Amy The Legend!

Posted on Posted in Films, Justine, Maleficarum, Olalla, Pygmalion

Amy The Legend!

December 16th, 2020, marked 5 years since Amy, the expatriate American, as she is described in Fangoria Magazine, left the remote mountains of Bolivia and changed the chaotic city of La Paz for the equally mountainous terrains of Washington State, in her home country.

A decade earlier, in November of 2005, she visited the ancient mining city of Oruro, in Bolivia, where a friend’s insistence to see a film by Jac Avila, took them to the emerging International Film Festival Diablo De Oro where she saw Jac’s film Martyr, Or The Death of St Eulalia. That event changed her life. Such was the impression she had from that film that she wrote about it in her blog

Transformation and catharsis in Jac Avila’s Martyr

But what causes someone to transform? If they do it out of necessity, what dictates the necessity? Is it a personal need, such as the character of Camille in Jac Avila’s Martyr? Or is it something greater than themselves? If it’s personal, does that make the transformation narcissistic? And how do we achieve catharsis from transformation?

Martyr is punctuated by photo sessions which provide the structure of Camille’s transformation, and Camille’s subsequent catharsis. In all of Gabrielle’s shoots, we see the camera, the flash, we hear the clicking of the shutter, and the first of Camille’s photoshoots has these elements as well. But as Camille approaches Eulalia through her work in the studio, the camera seems to fade from view, the click of the shutter is less frequent, we pass through the veil into Camille’s private world, where she is becoming Eulalia, and nothing else matters or exists.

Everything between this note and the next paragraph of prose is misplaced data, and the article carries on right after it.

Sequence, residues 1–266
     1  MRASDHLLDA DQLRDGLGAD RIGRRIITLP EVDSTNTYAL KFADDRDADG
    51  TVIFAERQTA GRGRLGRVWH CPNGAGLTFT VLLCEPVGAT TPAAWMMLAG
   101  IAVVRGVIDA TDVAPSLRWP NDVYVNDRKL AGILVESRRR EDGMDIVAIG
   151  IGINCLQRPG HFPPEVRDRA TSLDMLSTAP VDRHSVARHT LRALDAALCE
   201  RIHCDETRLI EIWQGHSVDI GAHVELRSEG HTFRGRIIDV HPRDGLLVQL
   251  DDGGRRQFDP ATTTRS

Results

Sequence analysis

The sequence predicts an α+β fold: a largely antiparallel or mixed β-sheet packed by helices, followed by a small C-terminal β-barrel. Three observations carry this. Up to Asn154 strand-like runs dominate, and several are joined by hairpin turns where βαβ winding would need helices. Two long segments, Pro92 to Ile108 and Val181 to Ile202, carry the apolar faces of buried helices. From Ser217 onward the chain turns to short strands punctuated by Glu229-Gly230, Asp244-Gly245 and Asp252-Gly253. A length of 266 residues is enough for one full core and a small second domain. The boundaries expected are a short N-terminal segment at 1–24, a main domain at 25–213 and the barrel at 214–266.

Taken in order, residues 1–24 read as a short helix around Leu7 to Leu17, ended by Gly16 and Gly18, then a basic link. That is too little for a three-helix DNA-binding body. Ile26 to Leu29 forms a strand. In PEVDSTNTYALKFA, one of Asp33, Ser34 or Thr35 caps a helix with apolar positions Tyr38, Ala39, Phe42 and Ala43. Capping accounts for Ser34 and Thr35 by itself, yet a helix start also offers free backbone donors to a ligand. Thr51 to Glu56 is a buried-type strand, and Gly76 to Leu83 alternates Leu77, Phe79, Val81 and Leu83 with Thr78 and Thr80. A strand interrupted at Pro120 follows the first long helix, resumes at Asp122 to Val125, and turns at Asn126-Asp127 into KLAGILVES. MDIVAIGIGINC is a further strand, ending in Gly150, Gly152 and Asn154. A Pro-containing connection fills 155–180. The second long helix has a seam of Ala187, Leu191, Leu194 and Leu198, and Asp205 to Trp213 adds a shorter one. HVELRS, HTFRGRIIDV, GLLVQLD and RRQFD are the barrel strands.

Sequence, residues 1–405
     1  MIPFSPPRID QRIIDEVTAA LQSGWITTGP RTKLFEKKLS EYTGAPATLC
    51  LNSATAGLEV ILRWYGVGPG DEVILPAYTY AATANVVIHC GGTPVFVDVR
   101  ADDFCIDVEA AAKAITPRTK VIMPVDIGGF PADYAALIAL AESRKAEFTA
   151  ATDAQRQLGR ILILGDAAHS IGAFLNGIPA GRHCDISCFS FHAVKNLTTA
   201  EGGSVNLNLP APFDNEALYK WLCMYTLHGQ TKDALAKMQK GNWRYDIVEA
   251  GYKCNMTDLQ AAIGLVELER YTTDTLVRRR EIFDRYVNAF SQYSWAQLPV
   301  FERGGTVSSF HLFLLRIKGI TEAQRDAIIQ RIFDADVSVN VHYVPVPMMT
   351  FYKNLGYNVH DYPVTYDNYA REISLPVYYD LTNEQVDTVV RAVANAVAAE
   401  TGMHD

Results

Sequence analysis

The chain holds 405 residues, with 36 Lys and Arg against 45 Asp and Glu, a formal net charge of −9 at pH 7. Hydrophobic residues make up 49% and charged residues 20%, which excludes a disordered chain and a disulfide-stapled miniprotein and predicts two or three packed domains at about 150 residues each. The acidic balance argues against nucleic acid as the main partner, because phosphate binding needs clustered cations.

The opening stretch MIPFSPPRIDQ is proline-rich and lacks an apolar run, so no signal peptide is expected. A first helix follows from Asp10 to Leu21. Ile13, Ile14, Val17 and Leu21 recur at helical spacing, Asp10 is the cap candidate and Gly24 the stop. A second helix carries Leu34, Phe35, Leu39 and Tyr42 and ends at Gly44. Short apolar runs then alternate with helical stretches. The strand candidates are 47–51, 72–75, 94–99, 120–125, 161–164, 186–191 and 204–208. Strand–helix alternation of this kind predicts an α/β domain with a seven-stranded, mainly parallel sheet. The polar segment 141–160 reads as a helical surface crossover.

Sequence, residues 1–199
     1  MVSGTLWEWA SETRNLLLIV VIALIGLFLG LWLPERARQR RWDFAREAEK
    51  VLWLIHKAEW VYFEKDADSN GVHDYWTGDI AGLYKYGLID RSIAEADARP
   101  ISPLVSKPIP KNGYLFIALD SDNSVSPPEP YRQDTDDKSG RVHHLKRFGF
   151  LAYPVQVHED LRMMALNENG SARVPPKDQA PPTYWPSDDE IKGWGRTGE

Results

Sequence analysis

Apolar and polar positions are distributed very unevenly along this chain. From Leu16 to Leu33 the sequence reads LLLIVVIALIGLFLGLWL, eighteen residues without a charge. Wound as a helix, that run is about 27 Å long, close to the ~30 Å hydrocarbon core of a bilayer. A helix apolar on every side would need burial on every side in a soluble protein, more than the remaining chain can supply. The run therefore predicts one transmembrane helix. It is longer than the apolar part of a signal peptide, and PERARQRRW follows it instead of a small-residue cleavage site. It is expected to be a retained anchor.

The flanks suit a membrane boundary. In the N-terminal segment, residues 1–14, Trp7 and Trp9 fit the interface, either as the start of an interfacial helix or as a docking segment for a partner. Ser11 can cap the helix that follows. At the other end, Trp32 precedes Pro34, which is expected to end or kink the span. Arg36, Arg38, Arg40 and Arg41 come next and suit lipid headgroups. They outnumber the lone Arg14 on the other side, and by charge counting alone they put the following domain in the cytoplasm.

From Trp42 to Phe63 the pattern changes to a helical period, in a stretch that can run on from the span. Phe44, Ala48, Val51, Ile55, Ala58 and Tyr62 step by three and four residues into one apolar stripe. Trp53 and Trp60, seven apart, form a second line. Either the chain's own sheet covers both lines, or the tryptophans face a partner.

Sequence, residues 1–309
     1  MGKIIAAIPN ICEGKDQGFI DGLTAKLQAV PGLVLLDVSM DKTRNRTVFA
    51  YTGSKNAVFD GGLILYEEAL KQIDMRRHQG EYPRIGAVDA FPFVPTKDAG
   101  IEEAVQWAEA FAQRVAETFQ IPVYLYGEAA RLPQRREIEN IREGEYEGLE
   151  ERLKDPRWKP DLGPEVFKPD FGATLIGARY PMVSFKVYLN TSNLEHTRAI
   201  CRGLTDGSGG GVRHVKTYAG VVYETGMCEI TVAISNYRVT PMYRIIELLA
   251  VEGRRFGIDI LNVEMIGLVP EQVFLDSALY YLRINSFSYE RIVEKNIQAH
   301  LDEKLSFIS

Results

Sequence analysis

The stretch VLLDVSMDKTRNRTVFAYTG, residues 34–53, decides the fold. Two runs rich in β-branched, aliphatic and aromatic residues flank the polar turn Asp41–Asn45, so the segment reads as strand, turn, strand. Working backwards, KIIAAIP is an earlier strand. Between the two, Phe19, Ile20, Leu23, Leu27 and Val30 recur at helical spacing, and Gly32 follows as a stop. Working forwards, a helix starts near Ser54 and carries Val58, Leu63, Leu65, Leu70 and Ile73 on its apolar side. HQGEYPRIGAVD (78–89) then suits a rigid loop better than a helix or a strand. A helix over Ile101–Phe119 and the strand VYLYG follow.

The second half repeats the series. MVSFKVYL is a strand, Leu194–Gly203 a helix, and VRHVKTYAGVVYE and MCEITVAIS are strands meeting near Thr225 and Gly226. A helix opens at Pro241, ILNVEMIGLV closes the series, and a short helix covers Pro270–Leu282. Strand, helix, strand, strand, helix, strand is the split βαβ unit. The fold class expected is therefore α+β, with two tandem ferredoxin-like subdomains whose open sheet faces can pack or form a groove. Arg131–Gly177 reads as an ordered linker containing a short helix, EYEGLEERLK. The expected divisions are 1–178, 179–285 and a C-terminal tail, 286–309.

Continue reading in her blog

Ten years later, in November 2015, Amy was back at that festival in Oruro to present her latest film Olalla, the same film she presented in October of that very year,in Mexico, at the Feratum Film Festival, where she experienced another life changing event.

Just before going to the festival in Mexico, she directed Pygmalion and after returning to Bolivia and before the year was over, she played the lead role of the all suffering Justine in Jac’s now classic film based in the famous De Sade’s story.

Those 10 years between 2005 and 2015 were incredibly rewarding and productive for both, Amy and Jac, with 20 movies, 2 per year, and 8 of them mainstream movies that were screened in multiplexes and films festivals. We will explore those rewarding years, the evolution of their work and their influence in Amy’s and our collective future.

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